Everything is recorded in a spreadsheet including a 5-point scoring system I use for relative abundance. See Data Page

Creating the Photographs

Zoea larva of the Broad-clawed Porcelain Crab

The Porcelain Crab Porcellana platycheles, just over 1mm long. This was taken on the BH2 with DIC at x10. Only a tiny area like the tip of the spine would be in the field of view and so over 40 sections would have to be photographed and then stitched. But to maintain depth of field each photo would be a composite of around 10 stacked images. This meant over 400 images went into creating this photo. The resulting stitch was around 300 megapixels which were then reduced.

Zoea larva of the Broad-clawed Porcelain Crab

This image of the Porcelain Crab was a single composite made from 15 stacked images using the Canon 7D ll. Each of the 15 images is taken at a slightly different focus point. The first is the first place some sharp material can be seen then the fine focus is moved into the specimen just a little to shift the focus to a new point. Take a photo. Then move it again, take a photo and so on until the speciment is completely out of focus. By combining all the sharp pixels using software like Helicon Focus (my preferred software) the final composite has good depth of field but will need some cleaning up.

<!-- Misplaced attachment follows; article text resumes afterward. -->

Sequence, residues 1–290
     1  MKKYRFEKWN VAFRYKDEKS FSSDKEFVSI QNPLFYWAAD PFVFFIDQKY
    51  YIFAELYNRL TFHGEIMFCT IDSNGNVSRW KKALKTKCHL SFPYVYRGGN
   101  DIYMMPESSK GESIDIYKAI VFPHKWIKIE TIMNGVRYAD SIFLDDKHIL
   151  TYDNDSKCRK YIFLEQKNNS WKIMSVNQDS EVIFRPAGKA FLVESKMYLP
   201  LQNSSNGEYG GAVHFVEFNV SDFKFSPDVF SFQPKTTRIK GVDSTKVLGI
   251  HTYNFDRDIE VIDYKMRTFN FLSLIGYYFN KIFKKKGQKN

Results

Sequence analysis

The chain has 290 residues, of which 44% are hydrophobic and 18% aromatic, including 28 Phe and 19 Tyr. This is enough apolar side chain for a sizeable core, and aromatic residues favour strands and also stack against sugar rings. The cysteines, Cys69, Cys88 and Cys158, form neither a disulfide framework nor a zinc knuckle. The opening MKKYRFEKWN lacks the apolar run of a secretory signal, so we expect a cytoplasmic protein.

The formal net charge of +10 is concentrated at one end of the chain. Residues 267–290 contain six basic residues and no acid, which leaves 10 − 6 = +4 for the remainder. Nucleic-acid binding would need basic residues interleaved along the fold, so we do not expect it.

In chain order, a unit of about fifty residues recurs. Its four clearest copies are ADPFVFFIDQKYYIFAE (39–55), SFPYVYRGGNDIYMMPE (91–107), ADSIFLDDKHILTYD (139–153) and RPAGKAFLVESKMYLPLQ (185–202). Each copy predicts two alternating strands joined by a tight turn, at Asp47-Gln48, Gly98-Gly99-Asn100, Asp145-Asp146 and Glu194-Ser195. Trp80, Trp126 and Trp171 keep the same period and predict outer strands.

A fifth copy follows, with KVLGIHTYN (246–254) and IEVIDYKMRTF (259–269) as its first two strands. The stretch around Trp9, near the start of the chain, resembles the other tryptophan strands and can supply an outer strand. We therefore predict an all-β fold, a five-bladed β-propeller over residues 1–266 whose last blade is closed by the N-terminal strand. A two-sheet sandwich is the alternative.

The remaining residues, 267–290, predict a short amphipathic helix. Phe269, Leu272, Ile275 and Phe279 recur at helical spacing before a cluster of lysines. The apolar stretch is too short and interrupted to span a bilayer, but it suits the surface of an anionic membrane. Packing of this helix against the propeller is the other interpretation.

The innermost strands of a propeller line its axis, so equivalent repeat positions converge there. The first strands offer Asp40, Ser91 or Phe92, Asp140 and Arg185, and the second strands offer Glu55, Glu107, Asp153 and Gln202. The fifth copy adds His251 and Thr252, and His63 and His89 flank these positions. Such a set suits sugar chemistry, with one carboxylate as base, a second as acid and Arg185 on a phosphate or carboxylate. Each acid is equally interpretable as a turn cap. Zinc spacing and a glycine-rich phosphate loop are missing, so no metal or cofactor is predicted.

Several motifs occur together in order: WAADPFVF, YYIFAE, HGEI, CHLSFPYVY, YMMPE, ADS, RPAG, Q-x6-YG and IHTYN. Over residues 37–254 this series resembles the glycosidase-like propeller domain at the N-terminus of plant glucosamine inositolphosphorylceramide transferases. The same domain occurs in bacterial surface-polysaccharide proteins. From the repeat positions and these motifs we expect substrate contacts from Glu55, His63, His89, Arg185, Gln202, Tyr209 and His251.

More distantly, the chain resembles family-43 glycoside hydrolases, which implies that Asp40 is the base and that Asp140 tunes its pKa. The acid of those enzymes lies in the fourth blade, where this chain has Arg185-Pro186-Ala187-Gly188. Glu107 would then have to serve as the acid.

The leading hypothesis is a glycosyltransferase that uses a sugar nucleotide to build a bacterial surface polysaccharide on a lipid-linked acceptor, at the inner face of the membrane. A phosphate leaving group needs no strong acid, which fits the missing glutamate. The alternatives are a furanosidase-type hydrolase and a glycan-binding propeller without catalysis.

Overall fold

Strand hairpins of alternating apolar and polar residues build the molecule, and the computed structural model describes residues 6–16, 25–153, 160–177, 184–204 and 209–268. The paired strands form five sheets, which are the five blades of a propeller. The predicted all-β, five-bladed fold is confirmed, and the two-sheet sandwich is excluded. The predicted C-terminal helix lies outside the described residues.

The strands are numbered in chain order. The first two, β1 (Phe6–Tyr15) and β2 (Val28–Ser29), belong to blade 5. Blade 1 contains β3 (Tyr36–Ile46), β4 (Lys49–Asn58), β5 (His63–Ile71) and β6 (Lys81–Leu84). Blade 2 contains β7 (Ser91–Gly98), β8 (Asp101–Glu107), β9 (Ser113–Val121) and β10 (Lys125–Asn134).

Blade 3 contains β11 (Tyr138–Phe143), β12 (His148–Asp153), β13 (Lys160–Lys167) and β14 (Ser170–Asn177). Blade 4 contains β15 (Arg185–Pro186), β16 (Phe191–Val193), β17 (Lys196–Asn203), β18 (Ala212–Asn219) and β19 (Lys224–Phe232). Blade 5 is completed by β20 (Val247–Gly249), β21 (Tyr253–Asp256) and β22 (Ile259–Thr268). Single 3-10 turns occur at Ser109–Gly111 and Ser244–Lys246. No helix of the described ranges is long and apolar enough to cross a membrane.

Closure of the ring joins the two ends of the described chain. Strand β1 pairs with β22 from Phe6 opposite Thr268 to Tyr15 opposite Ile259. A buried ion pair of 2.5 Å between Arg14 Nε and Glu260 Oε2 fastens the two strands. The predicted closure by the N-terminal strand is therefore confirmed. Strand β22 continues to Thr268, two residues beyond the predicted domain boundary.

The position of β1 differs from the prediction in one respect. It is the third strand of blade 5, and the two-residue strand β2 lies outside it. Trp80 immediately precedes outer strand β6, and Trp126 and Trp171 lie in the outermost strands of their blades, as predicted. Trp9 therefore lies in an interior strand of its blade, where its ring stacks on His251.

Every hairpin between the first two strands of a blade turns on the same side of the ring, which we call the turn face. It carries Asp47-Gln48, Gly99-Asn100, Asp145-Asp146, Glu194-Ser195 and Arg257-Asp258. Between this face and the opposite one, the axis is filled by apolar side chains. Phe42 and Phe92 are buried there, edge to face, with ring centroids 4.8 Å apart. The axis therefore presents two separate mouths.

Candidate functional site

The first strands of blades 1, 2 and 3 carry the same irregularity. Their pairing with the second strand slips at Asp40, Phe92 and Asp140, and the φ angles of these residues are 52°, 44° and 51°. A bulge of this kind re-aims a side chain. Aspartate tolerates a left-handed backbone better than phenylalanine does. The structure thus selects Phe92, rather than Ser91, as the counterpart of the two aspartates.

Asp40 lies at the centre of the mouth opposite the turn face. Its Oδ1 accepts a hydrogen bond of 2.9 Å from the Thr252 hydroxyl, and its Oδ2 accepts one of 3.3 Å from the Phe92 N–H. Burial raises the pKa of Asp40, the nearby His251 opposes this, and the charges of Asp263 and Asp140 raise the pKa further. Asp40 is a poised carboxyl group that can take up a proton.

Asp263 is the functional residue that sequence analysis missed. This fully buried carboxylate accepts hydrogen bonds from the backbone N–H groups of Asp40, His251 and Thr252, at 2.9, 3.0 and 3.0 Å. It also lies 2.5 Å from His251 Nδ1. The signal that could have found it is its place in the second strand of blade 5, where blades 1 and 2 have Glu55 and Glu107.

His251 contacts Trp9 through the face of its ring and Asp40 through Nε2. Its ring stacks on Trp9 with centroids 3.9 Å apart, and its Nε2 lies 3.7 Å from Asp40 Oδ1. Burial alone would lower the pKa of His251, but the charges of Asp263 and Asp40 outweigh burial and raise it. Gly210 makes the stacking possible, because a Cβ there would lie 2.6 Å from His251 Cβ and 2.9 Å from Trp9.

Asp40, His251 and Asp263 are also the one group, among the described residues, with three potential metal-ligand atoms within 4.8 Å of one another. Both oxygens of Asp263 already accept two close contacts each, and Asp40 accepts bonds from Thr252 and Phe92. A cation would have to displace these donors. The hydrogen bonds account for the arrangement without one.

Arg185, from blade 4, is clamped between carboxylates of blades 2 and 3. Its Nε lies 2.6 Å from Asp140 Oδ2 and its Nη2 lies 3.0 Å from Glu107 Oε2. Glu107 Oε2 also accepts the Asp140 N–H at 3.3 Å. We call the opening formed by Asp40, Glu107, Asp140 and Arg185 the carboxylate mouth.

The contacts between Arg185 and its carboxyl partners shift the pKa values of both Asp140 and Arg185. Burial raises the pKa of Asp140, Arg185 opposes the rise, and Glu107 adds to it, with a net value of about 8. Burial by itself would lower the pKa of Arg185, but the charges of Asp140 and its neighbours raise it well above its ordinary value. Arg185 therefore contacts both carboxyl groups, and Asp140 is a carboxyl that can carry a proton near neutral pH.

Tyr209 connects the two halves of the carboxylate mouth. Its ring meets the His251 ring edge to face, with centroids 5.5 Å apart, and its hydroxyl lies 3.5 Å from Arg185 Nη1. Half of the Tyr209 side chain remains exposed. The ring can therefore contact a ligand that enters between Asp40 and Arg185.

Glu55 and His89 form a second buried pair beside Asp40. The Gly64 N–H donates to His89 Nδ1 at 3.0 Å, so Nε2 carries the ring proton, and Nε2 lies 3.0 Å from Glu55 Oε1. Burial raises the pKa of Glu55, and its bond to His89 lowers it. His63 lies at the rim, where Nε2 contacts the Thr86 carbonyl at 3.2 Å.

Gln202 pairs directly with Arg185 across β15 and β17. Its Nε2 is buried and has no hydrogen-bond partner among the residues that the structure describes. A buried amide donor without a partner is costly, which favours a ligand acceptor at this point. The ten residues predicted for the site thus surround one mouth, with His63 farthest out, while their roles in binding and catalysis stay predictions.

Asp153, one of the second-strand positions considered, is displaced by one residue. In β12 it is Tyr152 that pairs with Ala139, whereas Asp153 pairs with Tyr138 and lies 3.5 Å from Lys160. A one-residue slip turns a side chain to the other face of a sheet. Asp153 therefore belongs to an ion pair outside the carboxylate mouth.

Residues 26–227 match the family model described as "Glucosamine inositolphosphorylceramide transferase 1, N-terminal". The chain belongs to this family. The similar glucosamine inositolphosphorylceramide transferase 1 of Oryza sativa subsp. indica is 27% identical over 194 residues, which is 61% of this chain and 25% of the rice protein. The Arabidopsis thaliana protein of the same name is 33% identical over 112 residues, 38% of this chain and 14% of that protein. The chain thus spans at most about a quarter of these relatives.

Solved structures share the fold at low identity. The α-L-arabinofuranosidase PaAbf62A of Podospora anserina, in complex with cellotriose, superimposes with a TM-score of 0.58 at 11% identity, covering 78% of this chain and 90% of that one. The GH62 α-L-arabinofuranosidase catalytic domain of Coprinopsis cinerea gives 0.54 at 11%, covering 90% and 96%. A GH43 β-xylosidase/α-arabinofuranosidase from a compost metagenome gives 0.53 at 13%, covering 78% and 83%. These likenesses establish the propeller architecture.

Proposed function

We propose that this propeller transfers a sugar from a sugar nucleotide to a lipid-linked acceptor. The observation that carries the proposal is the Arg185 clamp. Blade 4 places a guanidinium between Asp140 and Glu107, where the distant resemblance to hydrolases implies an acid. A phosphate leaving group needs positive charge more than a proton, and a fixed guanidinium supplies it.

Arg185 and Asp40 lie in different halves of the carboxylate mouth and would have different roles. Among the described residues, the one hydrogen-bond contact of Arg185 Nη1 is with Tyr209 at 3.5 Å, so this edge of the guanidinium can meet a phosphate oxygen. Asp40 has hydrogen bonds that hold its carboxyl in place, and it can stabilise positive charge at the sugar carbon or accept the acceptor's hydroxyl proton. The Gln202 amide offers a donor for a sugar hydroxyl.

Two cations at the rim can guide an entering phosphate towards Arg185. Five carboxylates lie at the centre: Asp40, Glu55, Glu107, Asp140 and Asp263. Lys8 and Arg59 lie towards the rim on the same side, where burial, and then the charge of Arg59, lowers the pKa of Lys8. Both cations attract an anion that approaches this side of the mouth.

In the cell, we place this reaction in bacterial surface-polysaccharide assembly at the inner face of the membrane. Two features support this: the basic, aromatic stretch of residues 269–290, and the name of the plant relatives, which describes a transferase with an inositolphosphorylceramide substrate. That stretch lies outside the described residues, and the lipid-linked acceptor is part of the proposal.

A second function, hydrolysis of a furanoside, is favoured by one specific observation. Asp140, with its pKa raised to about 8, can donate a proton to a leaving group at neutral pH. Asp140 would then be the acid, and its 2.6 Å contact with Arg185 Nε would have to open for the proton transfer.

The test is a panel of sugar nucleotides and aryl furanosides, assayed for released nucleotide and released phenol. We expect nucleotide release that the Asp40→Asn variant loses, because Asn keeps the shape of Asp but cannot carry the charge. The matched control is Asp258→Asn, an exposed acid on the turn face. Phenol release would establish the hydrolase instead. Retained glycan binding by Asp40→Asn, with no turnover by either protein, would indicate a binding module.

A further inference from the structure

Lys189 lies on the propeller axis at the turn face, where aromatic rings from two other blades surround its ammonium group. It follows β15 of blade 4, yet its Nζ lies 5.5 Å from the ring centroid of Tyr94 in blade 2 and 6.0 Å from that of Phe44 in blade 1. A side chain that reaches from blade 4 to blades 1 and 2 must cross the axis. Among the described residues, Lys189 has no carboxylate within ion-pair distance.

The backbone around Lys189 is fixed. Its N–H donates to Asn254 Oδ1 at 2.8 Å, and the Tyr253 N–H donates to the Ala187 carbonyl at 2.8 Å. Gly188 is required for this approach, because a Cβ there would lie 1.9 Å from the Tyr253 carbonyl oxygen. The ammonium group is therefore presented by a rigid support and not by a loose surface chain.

Video stacking is an extension to the stacking method.  I find it is ideal for microscopy, especially if you are in bit of a hurry. The Sony camera has 4K video, meaning each frame is approximately 8MP. Switch the video on with the specimen just out of focus. Then rotate the fine focus, passing through the specimen until it is out of focus. Switch off. This typically makes a 7-8 second burst of video. Drop this into Helicon Focus software which separates each frame into about 200 or so separate TIFF files. Then you render them into a final composite. The main drawback is if a lot of debris or moving bacteria, etc., is going on around the subject and then the composite needs extensive "cleaning". The content aware tool in Lightroom/Photoshop or healing/clone tools in other software will help in irradicating the mess. See Podon.